Motion in a joint moves perpendicular to the axis. For example reference the following image.
The subtalar and sacroiliac (SI) joint share a very interesting property. The axis appears to be similar with the subtalar joint highly utilized in the frontal and transverse planes.
The sacroiliac joint also is highly utilized in the frontal and transverse planes as evidenced by an oblique axis anterior to posterior like the subtalar joint.
Therefore given a “normal” subtalar joint, without ‘energy leaks up the kinetic chain’, a 1:1 ratio of frontal to transverse plane motion would reach the SI joint asking for a similar response. Everything in this scenario would be happier than the following.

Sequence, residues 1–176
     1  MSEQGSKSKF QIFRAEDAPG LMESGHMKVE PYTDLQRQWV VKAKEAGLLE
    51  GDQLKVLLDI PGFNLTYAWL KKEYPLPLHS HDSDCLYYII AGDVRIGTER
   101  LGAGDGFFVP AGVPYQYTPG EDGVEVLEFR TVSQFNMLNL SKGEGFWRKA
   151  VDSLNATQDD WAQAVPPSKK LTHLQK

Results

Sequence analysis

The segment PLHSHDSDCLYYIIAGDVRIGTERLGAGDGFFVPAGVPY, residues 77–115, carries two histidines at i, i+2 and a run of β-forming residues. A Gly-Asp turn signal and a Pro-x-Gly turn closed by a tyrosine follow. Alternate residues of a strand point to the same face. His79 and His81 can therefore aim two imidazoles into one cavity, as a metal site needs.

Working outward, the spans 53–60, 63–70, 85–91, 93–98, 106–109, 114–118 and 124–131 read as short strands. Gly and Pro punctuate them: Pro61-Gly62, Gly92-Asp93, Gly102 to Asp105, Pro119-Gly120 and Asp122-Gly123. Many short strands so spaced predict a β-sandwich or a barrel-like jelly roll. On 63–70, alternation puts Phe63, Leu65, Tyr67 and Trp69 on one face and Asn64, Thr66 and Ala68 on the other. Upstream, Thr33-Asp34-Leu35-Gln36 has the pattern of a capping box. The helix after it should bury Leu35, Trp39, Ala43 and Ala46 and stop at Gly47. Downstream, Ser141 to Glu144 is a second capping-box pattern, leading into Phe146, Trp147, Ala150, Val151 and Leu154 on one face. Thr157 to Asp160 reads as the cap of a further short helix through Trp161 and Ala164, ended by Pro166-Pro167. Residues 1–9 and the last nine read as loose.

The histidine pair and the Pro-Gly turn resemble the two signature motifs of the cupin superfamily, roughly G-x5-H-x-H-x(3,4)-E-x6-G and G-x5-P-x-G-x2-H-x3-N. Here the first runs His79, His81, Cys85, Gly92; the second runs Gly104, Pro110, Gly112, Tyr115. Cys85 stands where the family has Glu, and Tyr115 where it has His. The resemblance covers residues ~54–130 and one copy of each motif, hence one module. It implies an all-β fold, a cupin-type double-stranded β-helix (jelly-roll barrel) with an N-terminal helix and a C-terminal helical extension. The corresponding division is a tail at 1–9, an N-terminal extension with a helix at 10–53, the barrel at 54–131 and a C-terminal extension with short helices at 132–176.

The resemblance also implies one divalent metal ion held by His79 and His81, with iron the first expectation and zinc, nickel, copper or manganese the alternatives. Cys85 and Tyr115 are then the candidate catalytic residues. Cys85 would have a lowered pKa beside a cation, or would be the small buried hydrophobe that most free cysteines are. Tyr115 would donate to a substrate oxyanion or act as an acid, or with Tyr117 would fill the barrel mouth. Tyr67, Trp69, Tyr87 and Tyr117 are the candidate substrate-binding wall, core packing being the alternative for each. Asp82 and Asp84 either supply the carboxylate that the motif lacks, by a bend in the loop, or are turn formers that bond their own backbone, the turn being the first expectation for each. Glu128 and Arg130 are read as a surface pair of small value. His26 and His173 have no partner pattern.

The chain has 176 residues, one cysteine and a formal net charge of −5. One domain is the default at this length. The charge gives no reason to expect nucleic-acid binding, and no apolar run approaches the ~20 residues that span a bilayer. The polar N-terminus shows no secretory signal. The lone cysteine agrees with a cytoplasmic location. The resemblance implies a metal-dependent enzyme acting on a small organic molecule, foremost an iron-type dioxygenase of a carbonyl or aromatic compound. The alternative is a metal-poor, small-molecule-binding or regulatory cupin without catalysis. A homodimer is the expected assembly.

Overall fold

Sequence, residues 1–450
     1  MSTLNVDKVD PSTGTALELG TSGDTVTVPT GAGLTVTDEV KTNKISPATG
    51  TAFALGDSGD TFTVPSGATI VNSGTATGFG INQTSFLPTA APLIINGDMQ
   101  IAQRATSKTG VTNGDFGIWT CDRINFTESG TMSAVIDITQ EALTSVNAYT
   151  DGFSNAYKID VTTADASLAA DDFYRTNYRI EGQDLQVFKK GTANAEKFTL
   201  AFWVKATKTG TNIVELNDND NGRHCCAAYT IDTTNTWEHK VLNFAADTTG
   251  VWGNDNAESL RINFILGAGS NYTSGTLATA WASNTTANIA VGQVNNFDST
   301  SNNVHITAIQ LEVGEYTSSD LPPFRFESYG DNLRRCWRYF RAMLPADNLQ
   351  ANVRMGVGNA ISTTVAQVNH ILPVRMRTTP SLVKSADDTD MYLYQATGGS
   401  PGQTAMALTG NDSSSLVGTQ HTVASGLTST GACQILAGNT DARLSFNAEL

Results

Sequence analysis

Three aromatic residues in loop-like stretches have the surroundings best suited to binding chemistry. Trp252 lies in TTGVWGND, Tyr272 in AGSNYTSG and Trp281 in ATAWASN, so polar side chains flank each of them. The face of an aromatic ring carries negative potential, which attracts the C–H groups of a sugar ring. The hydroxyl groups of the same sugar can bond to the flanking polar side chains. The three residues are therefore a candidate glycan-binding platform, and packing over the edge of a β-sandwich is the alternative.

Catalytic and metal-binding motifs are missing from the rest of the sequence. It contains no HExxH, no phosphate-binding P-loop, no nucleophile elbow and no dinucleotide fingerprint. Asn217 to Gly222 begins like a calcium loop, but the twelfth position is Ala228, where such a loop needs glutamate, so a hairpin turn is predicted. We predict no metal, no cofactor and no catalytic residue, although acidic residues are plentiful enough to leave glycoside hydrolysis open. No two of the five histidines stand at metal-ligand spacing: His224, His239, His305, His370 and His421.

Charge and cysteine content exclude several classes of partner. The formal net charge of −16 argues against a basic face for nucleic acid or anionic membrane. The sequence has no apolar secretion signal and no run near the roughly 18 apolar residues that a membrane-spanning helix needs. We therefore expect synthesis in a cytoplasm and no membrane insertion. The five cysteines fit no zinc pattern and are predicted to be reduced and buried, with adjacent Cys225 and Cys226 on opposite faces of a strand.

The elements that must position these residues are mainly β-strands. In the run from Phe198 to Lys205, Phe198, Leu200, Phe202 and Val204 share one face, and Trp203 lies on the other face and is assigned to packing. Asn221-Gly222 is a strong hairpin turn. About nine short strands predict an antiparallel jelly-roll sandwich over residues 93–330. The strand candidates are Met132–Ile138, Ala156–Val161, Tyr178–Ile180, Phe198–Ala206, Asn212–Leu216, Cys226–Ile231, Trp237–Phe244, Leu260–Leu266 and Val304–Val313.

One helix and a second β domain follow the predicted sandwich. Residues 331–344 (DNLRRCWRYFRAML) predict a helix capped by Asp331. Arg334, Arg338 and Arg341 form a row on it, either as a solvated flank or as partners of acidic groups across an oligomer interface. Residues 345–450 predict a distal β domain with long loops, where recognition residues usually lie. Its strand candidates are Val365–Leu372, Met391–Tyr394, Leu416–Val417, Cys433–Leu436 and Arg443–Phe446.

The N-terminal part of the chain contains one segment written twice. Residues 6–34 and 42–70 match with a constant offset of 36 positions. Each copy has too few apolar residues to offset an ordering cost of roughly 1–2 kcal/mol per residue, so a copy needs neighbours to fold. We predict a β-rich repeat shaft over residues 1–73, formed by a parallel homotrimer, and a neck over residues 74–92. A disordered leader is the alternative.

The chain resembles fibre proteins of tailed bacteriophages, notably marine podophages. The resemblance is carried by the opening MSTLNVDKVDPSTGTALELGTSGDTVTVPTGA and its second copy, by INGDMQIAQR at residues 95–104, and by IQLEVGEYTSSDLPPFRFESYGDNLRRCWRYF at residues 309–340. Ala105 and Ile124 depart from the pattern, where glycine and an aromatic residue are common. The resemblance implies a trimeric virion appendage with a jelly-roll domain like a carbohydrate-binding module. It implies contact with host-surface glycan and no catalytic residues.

The axis of the subtalar joint in the above picture has changed from “normal”. The axis now has allowed for greater frontal plane motion than transverse. Let’s say this ratio is now 2:1 frontal plane to transverse plane. A subtalar joint with a 2:1 ratio now communicates to the sacroiliac joint (SI) joint asking for a 2:1 ratio of frontal to transverse plane. The sacroiliac joint does not have much motion to give ~4 degrees. Therefore it will begin to steal motion from above or below itself while being abused by moving contrary to it’s 1:1 axis. Therefore we now have SI dysfunction from the subtalar joint.